Someone spying on you would only see a mass of garbled data being sent to some server somewhere where it disappears. Any website or person on the internet would see your data coming from a block of IPs owned by a VPN company. There’s virtually no way to connect the two (no pun intended).

Skype will allow you to stop cookies and not keep a history as well as other privacy options.

Skype will allow you to stop cookies and not keep a history as well as other privacy options.

If you’re only concerned about eaves-dropping when you’re out and about, you can also use something like Hamachi Log Me In to create an SSL VPN between a mobile device/another computer and a home machine. Keep in mind that with this system, anyone watching your home machine will be able to see the data unencrypted. The secure connection is only between your remote device and the home computer.

Lastly, the software you use on the internet that isn’t your browser, such as Skype or Yahoo! messenger is also targetable. While there’s only a little you can do to secure these, you can do a few things. First of all, check your privacy settings and make sure you have everything locked down. Most of these services have a small but useful section in the options called “Privacy”. Also, make sure your chat history isn’t being saved. You can turn this off in every messenger. While it doesn’t guarantee that the data isn’t being stored elsewhere, it does reduce the lifetime of the data and the chance that it will be recovered.

Am I Private Yet?

So the question remains as to what affect will all this have? The truth is that we don’t know entirely. Depending on who’s targeting you and why, the things listed above, if implemented properly, can range from significant annoyance to complete blackout. However, if you implement no privacy measures you can rest assured that some, if not all, of your data is being collected and catalogued.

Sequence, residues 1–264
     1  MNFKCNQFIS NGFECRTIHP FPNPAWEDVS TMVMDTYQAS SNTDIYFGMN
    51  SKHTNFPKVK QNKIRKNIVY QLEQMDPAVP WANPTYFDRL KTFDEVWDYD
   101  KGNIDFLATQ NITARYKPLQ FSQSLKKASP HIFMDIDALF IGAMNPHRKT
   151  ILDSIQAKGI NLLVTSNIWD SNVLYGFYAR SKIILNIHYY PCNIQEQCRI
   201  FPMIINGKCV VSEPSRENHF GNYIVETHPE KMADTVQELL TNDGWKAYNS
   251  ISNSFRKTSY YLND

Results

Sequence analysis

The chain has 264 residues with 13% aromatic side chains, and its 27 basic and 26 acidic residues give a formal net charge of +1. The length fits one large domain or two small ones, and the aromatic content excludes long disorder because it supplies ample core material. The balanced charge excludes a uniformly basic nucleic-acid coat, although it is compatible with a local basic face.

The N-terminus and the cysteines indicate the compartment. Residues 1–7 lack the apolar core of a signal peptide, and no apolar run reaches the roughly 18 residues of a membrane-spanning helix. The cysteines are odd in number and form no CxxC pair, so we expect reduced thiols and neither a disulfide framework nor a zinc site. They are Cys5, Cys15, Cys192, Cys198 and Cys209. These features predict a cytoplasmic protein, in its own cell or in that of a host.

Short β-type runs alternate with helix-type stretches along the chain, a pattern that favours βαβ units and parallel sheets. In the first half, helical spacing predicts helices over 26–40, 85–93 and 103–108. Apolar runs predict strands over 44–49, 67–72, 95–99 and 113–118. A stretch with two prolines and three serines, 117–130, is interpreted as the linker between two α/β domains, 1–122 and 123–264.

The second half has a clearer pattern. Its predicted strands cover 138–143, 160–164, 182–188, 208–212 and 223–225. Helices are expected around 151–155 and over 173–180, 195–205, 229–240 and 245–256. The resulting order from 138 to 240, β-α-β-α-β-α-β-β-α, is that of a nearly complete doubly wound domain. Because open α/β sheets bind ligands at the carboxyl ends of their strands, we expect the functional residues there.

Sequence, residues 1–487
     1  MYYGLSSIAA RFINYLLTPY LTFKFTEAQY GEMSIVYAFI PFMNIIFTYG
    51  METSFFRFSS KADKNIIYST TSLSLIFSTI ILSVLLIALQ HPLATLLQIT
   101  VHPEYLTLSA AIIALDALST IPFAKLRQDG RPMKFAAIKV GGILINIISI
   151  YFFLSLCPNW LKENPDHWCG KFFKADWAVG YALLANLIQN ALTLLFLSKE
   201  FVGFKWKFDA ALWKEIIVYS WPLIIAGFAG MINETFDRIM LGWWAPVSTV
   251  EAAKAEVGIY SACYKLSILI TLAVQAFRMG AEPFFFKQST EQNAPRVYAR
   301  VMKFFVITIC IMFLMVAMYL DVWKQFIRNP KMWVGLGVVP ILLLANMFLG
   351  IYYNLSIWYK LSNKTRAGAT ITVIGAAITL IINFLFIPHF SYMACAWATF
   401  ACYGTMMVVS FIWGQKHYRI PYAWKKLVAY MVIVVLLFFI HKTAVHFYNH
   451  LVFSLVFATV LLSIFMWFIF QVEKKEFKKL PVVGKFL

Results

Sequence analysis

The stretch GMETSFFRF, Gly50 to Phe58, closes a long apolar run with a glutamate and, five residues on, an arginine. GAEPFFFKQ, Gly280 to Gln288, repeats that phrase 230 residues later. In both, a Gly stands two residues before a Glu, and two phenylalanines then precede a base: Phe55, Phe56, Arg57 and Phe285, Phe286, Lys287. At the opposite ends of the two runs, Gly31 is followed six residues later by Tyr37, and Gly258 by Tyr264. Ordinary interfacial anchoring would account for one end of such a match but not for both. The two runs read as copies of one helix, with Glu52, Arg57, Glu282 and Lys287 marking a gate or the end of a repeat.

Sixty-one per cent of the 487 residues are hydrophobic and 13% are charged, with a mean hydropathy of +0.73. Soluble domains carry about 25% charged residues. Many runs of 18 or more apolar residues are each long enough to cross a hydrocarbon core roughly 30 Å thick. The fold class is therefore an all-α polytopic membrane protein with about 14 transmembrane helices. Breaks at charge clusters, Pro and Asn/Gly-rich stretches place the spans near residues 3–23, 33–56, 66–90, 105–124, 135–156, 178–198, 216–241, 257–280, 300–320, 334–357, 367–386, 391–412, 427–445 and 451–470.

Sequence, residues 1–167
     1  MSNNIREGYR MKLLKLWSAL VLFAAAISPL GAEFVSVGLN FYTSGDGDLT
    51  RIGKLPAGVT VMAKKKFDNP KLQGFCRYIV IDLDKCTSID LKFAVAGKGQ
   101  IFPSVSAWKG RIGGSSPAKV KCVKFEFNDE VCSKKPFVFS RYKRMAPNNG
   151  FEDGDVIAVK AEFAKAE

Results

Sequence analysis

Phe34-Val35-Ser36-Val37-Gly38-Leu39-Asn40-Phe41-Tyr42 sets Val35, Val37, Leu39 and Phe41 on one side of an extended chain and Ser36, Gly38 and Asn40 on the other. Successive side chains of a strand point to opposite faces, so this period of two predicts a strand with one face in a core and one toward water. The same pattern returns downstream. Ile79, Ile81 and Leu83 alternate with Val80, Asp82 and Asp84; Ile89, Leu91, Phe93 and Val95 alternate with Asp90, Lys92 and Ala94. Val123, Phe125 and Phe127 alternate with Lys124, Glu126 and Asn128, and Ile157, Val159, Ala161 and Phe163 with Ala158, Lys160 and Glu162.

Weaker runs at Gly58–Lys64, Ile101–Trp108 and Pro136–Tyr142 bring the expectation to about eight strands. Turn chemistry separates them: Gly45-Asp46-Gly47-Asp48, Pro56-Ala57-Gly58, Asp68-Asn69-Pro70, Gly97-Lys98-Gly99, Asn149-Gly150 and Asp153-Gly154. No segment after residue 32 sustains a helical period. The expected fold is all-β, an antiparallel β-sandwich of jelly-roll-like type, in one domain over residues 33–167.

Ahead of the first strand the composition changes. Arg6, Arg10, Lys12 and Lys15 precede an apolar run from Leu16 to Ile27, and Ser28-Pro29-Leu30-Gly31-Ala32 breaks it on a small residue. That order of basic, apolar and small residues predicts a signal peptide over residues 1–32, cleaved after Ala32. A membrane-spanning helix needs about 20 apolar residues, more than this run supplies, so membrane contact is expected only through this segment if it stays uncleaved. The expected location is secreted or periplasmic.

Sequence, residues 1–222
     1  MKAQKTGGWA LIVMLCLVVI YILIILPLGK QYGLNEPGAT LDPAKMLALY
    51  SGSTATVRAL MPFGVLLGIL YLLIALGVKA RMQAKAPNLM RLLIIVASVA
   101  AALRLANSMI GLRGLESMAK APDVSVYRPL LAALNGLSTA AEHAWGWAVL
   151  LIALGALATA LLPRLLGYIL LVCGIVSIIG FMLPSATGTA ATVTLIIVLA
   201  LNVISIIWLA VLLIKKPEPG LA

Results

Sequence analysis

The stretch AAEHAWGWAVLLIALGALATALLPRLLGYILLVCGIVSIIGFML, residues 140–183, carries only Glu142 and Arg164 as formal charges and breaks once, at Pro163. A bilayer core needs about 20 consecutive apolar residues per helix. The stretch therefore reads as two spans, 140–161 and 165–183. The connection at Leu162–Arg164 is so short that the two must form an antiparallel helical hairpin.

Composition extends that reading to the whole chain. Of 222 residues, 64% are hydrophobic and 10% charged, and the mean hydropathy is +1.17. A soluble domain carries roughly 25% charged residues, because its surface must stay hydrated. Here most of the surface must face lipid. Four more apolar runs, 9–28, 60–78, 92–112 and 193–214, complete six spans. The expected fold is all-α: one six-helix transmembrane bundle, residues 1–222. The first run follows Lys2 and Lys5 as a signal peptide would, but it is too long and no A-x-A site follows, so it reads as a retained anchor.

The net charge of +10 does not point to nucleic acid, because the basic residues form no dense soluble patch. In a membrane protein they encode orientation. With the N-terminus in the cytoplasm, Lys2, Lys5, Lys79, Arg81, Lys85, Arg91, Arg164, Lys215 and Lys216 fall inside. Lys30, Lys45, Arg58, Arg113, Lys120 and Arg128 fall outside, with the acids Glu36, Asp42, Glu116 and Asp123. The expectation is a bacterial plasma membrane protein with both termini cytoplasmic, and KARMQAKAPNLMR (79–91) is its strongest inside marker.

Tor is a more advanced way of getting privacy online, but it has it's own weaknesses. Check it out here.

Tor is a more advanced way of getting privacy online, but it has its own weaknesses.

Not all of these may be for you. But a smattering of them in some form or another will help, especially the VPN services, and I recommend you at the very least lock down your browser as mentioned above and in my previous internet security post. Even if you think you have nothing to hide, you may find out in the worst way possible, that yes, you did.

* You can get the add-on/plugin for your browser of choice as well so it’s automatically in the upper right search box on your browser.

** If you’re just looking for privacy and nothing else, this is the way to go.


Vietnam and My Interest in the Minutiae

Image (c)2010 by Think0.

Image (c)2010 by Think0.

As I had mentioned on a placeholder post (since deleted) I have been in Vietnam for the past few weeks on an academic trip. This blog is generally geared towards technology, so I won’t be focusing on my trip per se, but on the technology I encountered there. There are a few things of interesting note to me and perhaps others that are part of every day life in Vietnam. I decided to combine these all into this one post.

This has got to be a nightmare for installers.

This has got to be a nightmare for installers.

Keep in mind that this is from an American’s point of view, so some of this stuff may be, and is, used all over the world, but this was my first encounter with it in mass. The air conditioning systems mentioned later are a good example of this minutiae that I find interesting, but is probably old-hat for people who’ve always used this stuff.